Difficult to gloss over the homelessness problem
There is a worrying lack of empathy for people without a home
’There’s the assumption that homelessness automatically coincides with addiction, an inaccurate and ill-informed reality’ Photograph: Getty
As we enter winter and the days get colder, it becomes more difficult to gloss over the ever-growing homelessness problem. When I feel the bitter wind on my cheeks, my hands numb and functionless in the cold, I despair on the Ha’penny Bridge when I see yet another victim of the housing crisis hunched and ignored by the daily thousands passing by.
What adds to this sadness is the emerging fury at the language still being used to describe or discuss people who have not been as lucky as ourselves. Refusing to give change because ‘they’ll just spend it on drugs’, when that change could fall into the bottom of your bag without it impacting you for weeks.
With that, there’s the assumption that homelessness automatically coincides with addiction, an inaccurate and ill-informed reality. Landlords, high cost of living and various other factors outside of substance use can transport families and individuals from security to the streets.
There are many who previously never used drugs, but turned to substances as a means of coping with the tremendous pain and loss society has left them with. Then there are those who were in addiction before becoming homelessness. I have to ask - what is the difference?
I struggle to comprehend the callous notion that such unfortunate circumstances befall the people who deserve them. No person is better than the next and we all deserve basic human rights.
It’s easy to believe it will never be us on the streets, and that if we did suffer unfortunate circumstances, we wouldn’t fall into addiction. You may think it wouldn’t be you - I think it wouldn’t be me - but at the very least, I understand why some people do use.
Picture home right now, in all its glory or lack thereof. For the majority of people reading this, it’s safe to assume warmth, shelter, security and a sense of belonging are features within our homes. Not to mention the internet access needed to read this article.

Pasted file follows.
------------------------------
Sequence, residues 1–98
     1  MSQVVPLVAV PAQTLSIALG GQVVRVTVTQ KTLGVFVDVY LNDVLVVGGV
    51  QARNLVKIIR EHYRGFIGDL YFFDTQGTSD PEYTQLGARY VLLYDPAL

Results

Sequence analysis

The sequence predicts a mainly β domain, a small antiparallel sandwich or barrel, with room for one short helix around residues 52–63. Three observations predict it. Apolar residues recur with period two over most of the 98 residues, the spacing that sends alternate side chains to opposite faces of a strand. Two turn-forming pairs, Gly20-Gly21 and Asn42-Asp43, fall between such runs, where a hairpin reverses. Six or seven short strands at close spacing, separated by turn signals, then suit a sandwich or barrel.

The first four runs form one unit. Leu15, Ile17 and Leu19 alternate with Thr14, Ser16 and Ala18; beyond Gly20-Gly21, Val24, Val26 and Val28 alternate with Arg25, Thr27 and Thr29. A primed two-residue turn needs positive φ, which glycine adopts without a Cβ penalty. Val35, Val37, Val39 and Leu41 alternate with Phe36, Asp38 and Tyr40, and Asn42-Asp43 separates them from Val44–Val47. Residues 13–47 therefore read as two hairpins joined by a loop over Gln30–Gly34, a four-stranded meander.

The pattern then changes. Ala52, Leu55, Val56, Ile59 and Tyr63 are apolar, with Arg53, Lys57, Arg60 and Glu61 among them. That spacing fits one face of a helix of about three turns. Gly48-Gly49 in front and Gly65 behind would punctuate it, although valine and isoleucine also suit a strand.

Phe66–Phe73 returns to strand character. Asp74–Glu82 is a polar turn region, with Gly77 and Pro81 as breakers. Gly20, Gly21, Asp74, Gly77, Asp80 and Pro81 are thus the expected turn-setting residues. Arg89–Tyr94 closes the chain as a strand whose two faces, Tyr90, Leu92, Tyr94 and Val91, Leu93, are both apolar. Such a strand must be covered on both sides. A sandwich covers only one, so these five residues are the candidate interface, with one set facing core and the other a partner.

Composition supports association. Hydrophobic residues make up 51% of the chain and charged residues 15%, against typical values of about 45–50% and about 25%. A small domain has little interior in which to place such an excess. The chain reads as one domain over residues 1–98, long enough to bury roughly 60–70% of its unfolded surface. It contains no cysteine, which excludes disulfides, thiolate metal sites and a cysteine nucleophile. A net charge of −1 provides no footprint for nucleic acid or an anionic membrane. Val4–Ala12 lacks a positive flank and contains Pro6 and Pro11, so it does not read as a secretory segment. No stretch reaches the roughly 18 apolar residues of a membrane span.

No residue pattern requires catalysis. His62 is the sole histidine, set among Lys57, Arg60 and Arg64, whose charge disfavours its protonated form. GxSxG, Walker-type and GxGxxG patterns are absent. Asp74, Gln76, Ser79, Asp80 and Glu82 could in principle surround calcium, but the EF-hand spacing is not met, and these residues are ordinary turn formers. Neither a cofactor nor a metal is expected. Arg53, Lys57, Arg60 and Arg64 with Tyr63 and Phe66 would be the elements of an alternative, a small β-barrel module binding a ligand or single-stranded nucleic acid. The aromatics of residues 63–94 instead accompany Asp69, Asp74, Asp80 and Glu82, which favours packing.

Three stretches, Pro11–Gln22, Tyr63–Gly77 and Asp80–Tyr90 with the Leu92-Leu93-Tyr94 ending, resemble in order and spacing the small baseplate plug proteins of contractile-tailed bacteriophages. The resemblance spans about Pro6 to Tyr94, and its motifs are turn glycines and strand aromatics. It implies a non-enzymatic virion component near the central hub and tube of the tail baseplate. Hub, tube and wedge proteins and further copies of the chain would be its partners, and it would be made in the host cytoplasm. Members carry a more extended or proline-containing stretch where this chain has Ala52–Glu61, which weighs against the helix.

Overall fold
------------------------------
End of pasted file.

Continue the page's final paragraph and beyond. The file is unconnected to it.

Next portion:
Now imagine all of that is taken away. If it happened due to a fault of your own, you’d want acknowledgement from passers-by, compassion and support. If it happened due to circumstances totally outside your control, you’d want and feel you deserve that even more. Placed on the bottom rung of society’s ladder, left with nothing but your grief and injustice, what options are there?
I read a news post recently about the Peter McVerry Trust opening a homeless hostel on Aungier Street which will house over one-hundred and fifty people as part of the Dublin Region Homeless Executive’s cold weather strategy. Music to my ears. I proceeded to read the Facebook comments underneath the post, and the music turned into the scratchy noise of nails across a chalkboard. Maybe it shouldn’t be surprising, but the lack of empathy, compassion and kindness shocked me.
The argument made by those commenting, as well as an independent councillor cited in the article, was how it will be a ‘disaster’ for the area. Homeless people walking around a street near you, rather than the numerous other streets they are forced to occupy. The response to those celebrating the announcement was you don’t understand what it’s like to have these facilities near you.
Without playing naive, I hear the argument of safety in the area. Many using the hostel will also be using drugs, but that is no ground to deprive them of shelter this winter. A hostel will be devoid of luxury, sometimes a dangerous place for the people in it, yet they will take what they can get. Until the housing crisis ends, and more services created for those in addiction, organisations like McVerrys are doing what they can to help.
I am writing this from the perspective of someone raised in inner-city Dublin, someone who does understand having these facilities near them. Still I can appreciate that I have a roof over my head and a door to lock. Basic human needs need to be met and facilities will be located where they can be (as if property is not already at the forefront of Irish issues). To those thinking only of themselves, enough with the prejudice and entitlement. Society can do better.